Coin errors that occur during minting have often created coins that are in demand by collectors. There are many different types of coin errors. In our last blog we discussed off-metal coins. In this blog we will talk about doubled die coins - what they look like, how they are made, and which are especially collectible.
Doubled Die Coins
Doubled die (not “double die”) is a numismatic term referring to doubling or repeating in the design elements of the die which creates the coins. As the term suggests, it is the die that is doubled and then used to create thousands of coins.
During the minting process, when the coin is fed into the coining press, the collar holds the planchet in place. This allows the coin die to strike the coin cleanly and produce the intended image - if a properly made die is used. If a doubled die is used, the resulting coin will have a doubled image - the intended image and an additional misaligned image over it.
Doubled dies happen because of the way the minting process works. Prior to 1997, the coin dies required several impressions from the coin hub in order to create the design image on the die. The dies were heated and then pressed by the coin hubs and then reheated and prepared for a second impression. In order to align the hub and the die correctly and prevent overlapping, mint workers would use guides. If they failed to properly the hub and the die, that would result in a doubled die. Sometimes the dies would have to be struck three or even four times to get the image to form on the die. Because of this, there are rare instance of tripled and quadrupled dies.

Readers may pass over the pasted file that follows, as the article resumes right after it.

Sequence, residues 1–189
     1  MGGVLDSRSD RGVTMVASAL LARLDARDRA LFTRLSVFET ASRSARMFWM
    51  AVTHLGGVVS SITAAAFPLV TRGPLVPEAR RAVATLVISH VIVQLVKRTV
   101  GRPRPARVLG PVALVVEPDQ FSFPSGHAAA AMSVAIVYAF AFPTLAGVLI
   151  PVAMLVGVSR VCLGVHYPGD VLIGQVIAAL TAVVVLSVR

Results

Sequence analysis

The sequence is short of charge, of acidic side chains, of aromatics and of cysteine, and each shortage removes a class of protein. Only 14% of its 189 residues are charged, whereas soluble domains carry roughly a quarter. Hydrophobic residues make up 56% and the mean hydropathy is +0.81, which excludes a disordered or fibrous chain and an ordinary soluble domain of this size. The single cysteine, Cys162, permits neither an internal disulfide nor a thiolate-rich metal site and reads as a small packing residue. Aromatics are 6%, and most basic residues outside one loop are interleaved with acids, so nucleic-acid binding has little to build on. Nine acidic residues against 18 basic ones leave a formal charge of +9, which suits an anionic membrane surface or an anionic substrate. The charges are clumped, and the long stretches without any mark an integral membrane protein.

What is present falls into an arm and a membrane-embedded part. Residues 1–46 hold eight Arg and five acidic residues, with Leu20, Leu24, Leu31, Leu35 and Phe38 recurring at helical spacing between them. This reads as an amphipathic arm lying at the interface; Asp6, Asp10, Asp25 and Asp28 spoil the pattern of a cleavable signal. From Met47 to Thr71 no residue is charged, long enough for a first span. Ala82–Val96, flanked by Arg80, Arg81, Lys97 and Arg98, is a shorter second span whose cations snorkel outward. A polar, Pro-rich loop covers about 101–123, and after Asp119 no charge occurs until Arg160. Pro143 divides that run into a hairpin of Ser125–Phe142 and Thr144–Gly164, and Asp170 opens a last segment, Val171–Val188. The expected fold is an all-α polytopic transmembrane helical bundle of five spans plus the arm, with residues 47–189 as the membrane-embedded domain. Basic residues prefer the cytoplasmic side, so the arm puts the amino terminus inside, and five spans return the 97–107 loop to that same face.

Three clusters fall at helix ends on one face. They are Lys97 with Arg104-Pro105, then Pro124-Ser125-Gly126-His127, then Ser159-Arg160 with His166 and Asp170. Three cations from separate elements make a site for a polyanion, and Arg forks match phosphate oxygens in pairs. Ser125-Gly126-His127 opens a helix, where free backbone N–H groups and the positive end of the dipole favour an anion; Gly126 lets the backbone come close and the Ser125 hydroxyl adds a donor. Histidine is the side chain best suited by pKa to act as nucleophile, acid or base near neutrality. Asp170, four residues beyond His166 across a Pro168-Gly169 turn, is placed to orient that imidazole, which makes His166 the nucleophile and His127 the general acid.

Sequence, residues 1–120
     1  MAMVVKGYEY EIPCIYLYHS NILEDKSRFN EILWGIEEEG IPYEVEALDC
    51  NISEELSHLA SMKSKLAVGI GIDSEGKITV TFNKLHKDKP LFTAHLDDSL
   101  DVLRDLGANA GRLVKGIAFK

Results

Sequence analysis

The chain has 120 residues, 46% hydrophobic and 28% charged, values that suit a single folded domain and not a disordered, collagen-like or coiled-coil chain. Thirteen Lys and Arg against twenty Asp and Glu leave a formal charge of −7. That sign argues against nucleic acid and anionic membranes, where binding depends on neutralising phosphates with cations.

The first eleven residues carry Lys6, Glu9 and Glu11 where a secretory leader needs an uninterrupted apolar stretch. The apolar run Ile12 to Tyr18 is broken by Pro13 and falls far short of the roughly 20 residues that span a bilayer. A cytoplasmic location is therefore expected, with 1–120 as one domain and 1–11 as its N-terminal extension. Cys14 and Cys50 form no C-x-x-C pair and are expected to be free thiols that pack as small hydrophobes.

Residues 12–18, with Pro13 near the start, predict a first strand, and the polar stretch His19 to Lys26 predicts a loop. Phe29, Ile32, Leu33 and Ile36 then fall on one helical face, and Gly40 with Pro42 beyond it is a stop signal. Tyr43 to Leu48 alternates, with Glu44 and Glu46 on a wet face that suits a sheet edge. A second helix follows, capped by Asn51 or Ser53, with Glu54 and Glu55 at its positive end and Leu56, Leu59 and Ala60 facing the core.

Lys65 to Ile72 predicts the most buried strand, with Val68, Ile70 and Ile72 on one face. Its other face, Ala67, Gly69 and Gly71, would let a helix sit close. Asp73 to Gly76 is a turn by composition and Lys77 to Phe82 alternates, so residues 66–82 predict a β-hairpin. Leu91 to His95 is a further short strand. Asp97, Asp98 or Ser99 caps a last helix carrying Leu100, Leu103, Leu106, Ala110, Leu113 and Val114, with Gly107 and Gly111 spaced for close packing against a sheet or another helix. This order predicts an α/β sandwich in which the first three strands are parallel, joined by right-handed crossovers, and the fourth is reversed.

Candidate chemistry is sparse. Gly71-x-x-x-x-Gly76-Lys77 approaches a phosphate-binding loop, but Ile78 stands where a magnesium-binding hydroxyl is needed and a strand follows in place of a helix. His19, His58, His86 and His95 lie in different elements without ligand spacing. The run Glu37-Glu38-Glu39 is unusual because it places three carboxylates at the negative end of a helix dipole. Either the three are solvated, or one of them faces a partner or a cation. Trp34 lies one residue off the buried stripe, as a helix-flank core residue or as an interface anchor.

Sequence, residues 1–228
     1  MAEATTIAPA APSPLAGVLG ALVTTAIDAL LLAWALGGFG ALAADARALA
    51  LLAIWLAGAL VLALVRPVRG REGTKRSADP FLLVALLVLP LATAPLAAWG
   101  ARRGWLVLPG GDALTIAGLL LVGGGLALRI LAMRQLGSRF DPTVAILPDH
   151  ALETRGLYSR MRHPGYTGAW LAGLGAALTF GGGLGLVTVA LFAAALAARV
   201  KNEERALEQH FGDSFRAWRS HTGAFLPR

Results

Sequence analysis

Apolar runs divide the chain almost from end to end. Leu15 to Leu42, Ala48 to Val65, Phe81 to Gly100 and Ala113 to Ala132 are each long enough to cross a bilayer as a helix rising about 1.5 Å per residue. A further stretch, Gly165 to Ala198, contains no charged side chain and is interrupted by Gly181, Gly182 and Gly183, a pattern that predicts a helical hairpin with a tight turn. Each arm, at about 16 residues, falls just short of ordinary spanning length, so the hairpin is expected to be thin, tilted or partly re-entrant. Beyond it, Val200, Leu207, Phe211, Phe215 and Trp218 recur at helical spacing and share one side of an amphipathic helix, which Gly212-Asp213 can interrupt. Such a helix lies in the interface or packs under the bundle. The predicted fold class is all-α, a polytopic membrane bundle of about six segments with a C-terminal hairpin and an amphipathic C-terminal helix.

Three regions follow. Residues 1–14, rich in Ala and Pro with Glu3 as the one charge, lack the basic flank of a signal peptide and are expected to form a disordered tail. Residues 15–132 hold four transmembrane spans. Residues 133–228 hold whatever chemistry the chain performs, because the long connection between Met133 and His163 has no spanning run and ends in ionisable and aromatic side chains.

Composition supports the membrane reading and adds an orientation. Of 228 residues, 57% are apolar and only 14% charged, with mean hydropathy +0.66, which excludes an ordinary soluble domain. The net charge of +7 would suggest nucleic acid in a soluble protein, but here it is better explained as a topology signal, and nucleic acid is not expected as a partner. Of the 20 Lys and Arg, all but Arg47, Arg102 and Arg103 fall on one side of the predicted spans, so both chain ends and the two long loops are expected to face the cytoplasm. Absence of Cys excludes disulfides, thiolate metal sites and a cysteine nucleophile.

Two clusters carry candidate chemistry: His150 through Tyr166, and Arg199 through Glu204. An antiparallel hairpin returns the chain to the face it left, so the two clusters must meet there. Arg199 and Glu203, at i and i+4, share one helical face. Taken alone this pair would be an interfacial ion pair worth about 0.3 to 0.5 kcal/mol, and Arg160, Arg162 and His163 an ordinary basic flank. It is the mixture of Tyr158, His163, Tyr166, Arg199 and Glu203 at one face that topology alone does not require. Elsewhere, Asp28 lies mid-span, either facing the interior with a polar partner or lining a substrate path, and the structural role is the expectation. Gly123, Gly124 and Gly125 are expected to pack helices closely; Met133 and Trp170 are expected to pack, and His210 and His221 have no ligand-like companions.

If a doubled die was then used to make coins, all the coins struck using that die would be error coins with the misaligned or doubled image. After 1996, a new process was used to make dies that only required one impression of the hub to transfer the entire design to the die. Unfortunately, this process requires great pressure, and some dies rotate slightly during the process. This can also lead to coin errors.
There are many different types of doubled die misalignments. These have been organized into eight accepted classes: rotated, distorted, design, offset, pivoted, distended, modified, and tilted.
The 1955 Lincoln Cent
The most notable example of doubled die coins are 1955 Lincoln cent errors. The doubling on this die affected the date (1955) and the inscriptions (“Liberty” and “In God We Trust”). An estimated 40,000 Lincoln cents were minted in one night shift at the Philadelphia Mint using a doubled die, and about 20-24,000 of them went into circulation. It’s very hard to find a 1955 doubled die Lincoln cent in mint condition, but this is a very collectible coin. Other collectible doubled die coins are the 1972 and 1995 Lincoln cents.
Beware of Counterfeit Doubled Die Coins and Double Strikes
Unfortunately, whenever something is in high demand, there will be people who seek to profit from it. Chinese counterfeiters are producing reproductions of valuable doubled die coins like the 1955 Lincoln cents. Because of this, you should be careful who you acquire your coins from. Choose a coin dealer with a good reputation or buy coins certified by a third party grading service.
Another type of doubling can result from mechanical doubling or double strikes. This happens when the coin is struck multiple times in the coining press. True doubled die coins are made from dies with the error on them. Double strikes may look similar, but they are not collectible or worth more than the face value of the coin.
If you have questions about doubled die coins or coin errors or would like to collect certain types of coin errors, please call us at Mullen Coins. We would be happy to help you locate your desired coins to add to your collection.